must consider the length of the text and their teaching approach. Further, a variety of text
types must be selected, such as articles, advertisements, weather forecasts, interviews,
poems, radio talks, application forms, train timetables, and brochures.
2.5. Sources of Authentic Materials:
The sources of authentic materials (whether spoken or written) are infinite. The most
common sources are newspapers, magazines, TV, video, radio, literature, and the internet.
Although radio is easy to access, its aural texts are the most difficult for language learners to
comprehend. Miller (2003) claims that, In order to use radio programs with learners,
teachers need todecide on some global listening tasks for the learners (p. 16) due to the
fact that all non-verbal information is missing. Unlike radio, TV and video allow learners to
access paralinguistic features of the spoken text; as a result, TV and video may be easier for
the students to comprehend.
Yet it is the internet that is considered the most useful source (Berardo, 2006). While
printed materials date very quickly, the internet is continuously updated, is interactive, and
provides visual stimulation. It provides easy access to endless amounts of different types of
material (Berardo, 2006). Moreover, the internet can be the portal to other sources. For
example, teachers can obtain articles, audio clips, and videos from the internet. However,
despite the useful qualities of the internet, Miller (2003) indicates that a survey conducted
on The ESL Magazine website concerning the most used medium for obtaining authentic

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listening materials for ESL/EFL instruction found the TV the most used one (see Appendix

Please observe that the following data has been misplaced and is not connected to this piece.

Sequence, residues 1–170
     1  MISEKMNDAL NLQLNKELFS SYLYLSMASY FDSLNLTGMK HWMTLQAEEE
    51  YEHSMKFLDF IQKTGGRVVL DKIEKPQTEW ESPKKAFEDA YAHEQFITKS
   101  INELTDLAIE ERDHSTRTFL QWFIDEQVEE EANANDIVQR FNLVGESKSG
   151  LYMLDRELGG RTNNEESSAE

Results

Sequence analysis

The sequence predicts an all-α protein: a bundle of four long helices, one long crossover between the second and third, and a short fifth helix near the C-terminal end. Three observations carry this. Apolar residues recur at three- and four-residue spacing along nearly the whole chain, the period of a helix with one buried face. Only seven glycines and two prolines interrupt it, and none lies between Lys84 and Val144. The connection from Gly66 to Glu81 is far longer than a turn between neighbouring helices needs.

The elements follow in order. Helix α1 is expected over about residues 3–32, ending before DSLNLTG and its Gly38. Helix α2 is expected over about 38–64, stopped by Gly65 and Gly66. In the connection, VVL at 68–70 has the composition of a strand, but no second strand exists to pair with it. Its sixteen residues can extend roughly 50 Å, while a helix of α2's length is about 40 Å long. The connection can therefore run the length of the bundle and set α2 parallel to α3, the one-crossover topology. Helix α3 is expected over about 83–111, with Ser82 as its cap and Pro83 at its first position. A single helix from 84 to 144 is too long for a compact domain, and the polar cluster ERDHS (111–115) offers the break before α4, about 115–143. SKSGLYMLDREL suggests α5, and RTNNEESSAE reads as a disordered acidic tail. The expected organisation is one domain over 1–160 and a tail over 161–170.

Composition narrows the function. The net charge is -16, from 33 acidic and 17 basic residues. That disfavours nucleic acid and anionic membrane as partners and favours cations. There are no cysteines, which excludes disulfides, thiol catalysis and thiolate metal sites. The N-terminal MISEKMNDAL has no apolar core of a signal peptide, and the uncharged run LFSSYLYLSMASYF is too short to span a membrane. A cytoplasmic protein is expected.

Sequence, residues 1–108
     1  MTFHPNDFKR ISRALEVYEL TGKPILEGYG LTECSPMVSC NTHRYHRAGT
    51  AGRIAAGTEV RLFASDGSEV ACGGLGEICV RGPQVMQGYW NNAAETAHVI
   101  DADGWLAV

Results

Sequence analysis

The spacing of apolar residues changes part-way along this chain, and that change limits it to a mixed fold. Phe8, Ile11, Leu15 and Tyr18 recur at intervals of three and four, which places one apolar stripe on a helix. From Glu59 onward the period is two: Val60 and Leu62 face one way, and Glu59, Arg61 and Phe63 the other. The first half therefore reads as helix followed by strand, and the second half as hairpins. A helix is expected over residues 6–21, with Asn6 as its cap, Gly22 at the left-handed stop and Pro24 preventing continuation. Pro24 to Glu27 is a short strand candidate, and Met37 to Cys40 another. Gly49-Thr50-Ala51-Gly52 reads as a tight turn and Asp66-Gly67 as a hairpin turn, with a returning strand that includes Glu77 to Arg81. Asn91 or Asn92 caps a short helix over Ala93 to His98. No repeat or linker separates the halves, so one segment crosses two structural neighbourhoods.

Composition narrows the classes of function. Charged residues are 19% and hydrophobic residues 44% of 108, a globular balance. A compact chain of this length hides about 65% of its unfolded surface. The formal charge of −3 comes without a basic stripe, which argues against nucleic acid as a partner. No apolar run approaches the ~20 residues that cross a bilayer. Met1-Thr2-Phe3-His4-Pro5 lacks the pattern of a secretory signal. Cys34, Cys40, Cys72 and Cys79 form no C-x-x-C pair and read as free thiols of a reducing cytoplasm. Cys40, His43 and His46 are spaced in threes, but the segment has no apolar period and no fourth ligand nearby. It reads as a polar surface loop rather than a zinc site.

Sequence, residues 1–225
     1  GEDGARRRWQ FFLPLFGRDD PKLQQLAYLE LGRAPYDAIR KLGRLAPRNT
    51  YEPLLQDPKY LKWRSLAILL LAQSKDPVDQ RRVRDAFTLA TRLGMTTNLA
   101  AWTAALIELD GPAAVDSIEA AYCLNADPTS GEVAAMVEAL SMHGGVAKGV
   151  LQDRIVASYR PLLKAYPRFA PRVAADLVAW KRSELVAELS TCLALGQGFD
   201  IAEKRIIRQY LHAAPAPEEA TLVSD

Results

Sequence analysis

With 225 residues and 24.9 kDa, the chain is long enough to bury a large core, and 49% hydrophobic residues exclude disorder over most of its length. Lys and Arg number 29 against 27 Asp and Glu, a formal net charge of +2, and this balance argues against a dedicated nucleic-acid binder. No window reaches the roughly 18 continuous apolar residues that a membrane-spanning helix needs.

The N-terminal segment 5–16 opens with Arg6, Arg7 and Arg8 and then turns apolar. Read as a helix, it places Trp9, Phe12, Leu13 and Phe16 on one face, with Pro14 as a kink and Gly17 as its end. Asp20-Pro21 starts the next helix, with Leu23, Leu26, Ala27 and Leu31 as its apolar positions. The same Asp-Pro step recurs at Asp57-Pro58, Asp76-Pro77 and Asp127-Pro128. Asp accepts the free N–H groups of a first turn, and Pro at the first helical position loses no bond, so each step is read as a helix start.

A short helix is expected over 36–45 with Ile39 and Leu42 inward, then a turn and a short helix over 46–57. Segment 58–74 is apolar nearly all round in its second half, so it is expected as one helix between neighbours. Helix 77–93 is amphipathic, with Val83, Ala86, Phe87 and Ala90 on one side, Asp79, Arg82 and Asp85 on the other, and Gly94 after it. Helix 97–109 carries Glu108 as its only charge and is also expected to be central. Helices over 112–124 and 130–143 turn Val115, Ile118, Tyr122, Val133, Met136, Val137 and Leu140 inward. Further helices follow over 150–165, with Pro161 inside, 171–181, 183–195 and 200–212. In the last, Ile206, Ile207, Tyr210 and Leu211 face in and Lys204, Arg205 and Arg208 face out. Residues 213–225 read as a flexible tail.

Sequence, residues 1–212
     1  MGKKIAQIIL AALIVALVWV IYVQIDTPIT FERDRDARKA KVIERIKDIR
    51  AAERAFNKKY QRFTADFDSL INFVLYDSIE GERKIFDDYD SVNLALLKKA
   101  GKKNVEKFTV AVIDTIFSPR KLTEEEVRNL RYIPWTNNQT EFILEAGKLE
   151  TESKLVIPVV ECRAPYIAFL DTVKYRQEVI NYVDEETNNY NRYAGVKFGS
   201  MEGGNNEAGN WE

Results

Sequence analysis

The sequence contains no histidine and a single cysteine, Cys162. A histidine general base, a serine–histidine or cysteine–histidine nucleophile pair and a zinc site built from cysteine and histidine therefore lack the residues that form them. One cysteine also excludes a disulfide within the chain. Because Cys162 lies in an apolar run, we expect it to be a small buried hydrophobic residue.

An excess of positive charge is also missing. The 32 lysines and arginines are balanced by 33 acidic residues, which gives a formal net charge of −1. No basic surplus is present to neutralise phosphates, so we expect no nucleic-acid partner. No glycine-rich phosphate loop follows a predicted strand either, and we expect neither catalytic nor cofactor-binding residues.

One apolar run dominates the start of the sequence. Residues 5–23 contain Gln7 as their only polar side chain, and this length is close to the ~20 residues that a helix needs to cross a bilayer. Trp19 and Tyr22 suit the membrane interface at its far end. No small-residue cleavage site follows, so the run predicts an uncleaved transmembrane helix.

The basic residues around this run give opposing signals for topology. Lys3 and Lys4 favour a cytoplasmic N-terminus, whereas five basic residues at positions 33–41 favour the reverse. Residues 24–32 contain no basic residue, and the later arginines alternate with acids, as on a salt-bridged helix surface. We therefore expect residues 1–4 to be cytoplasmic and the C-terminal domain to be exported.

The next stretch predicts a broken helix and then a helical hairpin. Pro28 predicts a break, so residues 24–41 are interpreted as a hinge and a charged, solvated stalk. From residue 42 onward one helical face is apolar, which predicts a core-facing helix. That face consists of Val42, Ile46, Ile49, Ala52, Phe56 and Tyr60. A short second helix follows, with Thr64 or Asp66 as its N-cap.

A).
The literature indicates that researchers have investigated the impact of authentic
materials on language comprehension and performance at various levels. Some studies
provided insights about learners attitudes toward authentic input. In addition, pedagogical
research sought to provide recommendations for material selection and sources. However, no
study has been conducted with the aim of eliciting teachers attitudes toward using authentic
materials in their classes. Because of the importance of the teachers role in providing
authentic input for the students, the present study attempts to address this issue.
3. The Study:
3.1. Purpose of the Study:
The central purpose of this study is to elicit the attitudes of English language teachers
at NUML University Karachi toward using authentic materials in their classes. The study
focuses on Writing and reading skills only. The researcher aims to provide answers to the
following questions:
1. What are the teachers attitudes toward using authentic materials in their language
classes?
2. Do they prefer to use authentic materials? Why, or why not?
3. In which classes would the teachers use such materials?
4. What is/are the appropriate level(s) for introducing such materials?
5. What are the sources that teachers would use to obtain authentic materials?
6. How would they select the materials?
7. Do they need training in dealing with such materials? If so, what type of training?

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3.2. Methodology:
3.2.1. Participants:
Initially, twenty English teachers working at NUML University will be asked to
participate. The participants will be randomly selected without regard to their teaching
experience, or academic degree. All of them are M.A in Linguistics and have a vast
experience in teaching Languages. 10 of them are English Language lecturer, 2 Chines, 1
Germon, 1 French and 1 is Arabic teacher.
3.2.2. Procedures and Instruments:
A survey questionnaire will be employed in order to answer the questions of the study.
The questionnaire, will be distributed to all twenty initially will select potential participants,
first to define authentic materials. The participants will then be asked to indicate their
experience in teaching EFL. The questionnaire will present around nine items in the form of
multiple-choice questions. Participants were allowed to choose more than one answer